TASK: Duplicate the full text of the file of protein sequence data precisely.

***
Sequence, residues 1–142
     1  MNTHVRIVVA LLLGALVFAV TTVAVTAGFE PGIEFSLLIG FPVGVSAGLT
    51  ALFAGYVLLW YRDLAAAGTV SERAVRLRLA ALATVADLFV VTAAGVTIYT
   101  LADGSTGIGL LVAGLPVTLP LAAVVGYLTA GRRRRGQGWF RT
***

Sequence, residues 1–142
     1  MNTHVRIVVA LLLGALVFAV TTVAVTAGFE PGIEFSLLIG FPVGVSAGLT
    51  ALFAGYVLLW YRDLAAAGTV SERAVRLRLA ALATVADLFV VTAAGVTIYT
   101  LADGSTGIGL LVAGLPVTLP LAAVVGYLTA GRRRRGQGWF RT